14/02/2011 - Press release
This work enables them for the first time ever to tackle the detection of all types of blood transfusions, including autologous transfusions which were undetectable until now
Photo: José Cano
The 13th National Award for Research in Sports Medicine, awarded by the University of Oviedo and sponsored by Cajastur for the best research work in 2010, has been given to the work presented by the IMIM (Hospital del Mar Research Institute) in Barcelona.
The work, directed by Dr. Jordi Segura, director of the Anti-Doping Control Laboratory at the IMIM (Hospital del Mar Research Institute), included the collaboration of Dr. Rosa Ventura, Mrs. Núria Monfort and German research centres in Bochum and Cologne.
According to Dr. Segura, this work enables them “for the first time ever to tackle the detection of all types of blood transfusions, including autologous transfusions which were undetectable until now”.Autologous transfusions consist in storing the athlete’s own blood and re-introducing it again a few hours before the competition or intense phase. Evidence suggests that this prohibited practise is one of the greatest problems in sports nowadays.
The award-winning method is based on testing urine for the presence of metabolites of the plasticisers found in the bags used for storing blood or packed red blood cells. These substances pass into the blood contained in the bags, as they are fundamental for stabilising the membrane of the red blood cells and, as a result, penetrate the recipient's body in large quantities. The transfused individual passes them out of the body as metabolites in their urine within a couple of days. Despite the fact that all of us pass small quantities of these metabolites out of our bodies because of environmental exposure to other plastics, the quantities found in transfused subjects are much higher than usual ones.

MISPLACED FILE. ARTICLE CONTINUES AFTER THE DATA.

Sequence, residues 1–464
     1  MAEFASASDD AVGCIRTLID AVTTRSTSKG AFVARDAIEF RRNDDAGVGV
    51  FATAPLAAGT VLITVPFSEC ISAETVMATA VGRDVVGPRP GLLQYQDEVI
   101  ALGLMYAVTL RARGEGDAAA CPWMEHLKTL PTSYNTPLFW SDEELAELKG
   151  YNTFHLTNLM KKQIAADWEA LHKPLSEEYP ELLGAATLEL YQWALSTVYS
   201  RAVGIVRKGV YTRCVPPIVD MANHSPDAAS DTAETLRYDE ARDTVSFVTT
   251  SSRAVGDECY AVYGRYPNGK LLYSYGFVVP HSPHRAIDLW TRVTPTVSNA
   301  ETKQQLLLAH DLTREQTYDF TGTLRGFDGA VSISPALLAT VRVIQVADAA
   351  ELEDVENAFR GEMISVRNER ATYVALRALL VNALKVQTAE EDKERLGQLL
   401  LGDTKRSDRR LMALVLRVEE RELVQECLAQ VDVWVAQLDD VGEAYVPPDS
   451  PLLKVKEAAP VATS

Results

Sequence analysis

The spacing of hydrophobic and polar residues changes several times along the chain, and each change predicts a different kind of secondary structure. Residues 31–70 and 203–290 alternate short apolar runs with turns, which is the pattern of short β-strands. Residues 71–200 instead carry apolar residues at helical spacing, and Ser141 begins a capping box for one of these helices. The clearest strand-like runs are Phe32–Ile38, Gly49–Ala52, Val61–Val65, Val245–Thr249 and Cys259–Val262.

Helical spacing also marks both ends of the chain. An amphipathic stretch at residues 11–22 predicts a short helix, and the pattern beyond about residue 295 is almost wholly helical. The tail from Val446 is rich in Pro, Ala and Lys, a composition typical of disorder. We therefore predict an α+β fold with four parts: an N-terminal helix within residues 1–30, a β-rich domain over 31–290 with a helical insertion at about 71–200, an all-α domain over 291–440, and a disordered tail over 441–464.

“In addition to enabling us to tackle a matter which has been unresolved until now, the fact that this methodology is based on urine, which is always collected in anti-doping tests, makes it applicable to all tests which are performed nowadays. It could even be applied retrospectively to previously stored urine samples” the researchers said.
The application of this methodology for penalising athletes is pending the results of additional studies which will enable any factors which could cause confusion in the correct interpretation of results to be ruled out. “Nevertheless, the method could already be used to show which athletes have not undergone a transfusion and therefore verify that the majority of these are competing without resorting to the aforementioned prohibited practises”. The possibility of verifying that these athletes are clean is considered fundamental for strengthening social credibility in the clean state and image of the majority of sporting victories. Dr. Segura points out that “Just as important, or more important than showing who’s guilty is reinforcing who’s innocent”.
“Plasticiser Metabolites in Urine, the Key to Detecting Blood Transfusions”. Jordi Segura, R Ventura, N Monfort, P Platen, T Hinrichs, K Brixius, W Schänzer, M Thevisy H Geyer.